Continuing on with the literary fantasy comic The Unwritten, with volume 3.
Title: The Unwritten – Vol. 3 – Dead Man’s Knock
Written & Illustrated by Mike Carey, Peter Gross, and Ryan Kelley.
Published by DC Comics under their Vertical Label in 2011.
Available from Amazon.com
The fourteenth installment of the Tommy Taylor series of novels is about to hit stores. However, this installment isn’t beig written by Wilson Taylor, Tom’s father, and the creator of the series. Instead, it’s written by the Cabal as a trap for Wilson. Can Tom Taylor contact his father and learn the truth before the Cabal gets to Wilson? What is the truth behind Lizzie’s background? Why does Tom have this power?
This volume finally gives us some answers, without stringing us along by the nose (as with volume 2), while still leaving us some questions as well.
There’s a bit with Lizzy early that made me feel like we were still going to get lead along by the nose this volume. Fortunately, I was wrong.
Also, the choose-your-own-adventure section was kind of hard to follow.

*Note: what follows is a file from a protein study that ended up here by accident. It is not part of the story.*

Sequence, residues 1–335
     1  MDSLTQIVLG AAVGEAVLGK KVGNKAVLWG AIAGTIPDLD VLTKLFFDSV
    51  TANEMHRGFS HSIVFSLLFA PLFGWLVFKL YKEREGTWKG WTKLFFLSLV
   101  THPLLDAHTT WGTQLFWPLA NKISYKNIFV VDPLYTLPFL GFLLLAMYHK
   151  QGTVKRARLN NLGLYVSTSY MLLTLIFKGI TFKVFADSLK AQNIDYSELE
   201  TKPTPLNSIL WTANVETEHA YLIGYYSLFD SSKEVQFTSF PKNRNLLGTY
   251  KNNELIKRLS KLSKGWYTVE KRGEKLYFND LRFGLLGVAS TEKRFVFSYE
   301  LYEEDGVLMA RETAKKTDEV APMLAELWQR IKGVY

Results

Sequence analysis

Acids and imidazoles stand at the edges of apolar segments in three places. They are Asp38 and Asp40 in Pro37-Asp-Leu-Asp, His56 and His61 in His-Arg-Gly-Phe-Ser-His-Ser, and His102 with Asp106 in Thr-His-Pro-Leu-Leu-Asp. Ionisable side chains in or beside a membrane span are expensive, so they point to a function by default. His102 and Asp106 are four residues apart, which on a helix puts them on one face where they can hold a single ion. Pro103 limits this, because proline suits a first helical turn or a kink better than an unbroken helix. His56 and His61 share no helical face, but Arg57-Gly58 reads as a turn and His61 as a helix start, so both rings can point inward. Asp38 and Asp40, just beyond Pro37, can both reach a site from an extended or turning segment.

Some bloody violence.
Originality: The bogus sequel idea is definitely something I hadn’t seen before. 4/6
Artwork: Still as rock solid as before. 5/6
Story: There are still questions in search of answers here, but now I have a bit of a better grasp of what’s going on – sort of. I still don’t know quite what the stakes are (free will? human imagination? the existence of fiction?). Nor do I know why the Cabal is pursuing these goals (to rule the world?, because they’re characters from fiction seeking revenge for their lot?). I kind of hope that we get answers to some of these problems sooner rather than later. 4/5.
Characterization: Tom Taylor’s frustration in the last volume (as well as this one), has always felt justified & comprehensible. Richie Savoy is obnoxious – but it looks like the “tabloid” journalist aspect of his character is going to mellow out. Lizzie gets just as much development as Tom, if not more. 5/6.
Emotional Response: Wilson Taylor’s death would have had greater impact if we’d spent more time with him, and he hadn’t been written like a complete jerk. Instead, my response is more related to the questions that haven’t gotten answers, and might not now that he’s dead. 5/6.
In total, The Unwritten Vol. 3 gets 32/42.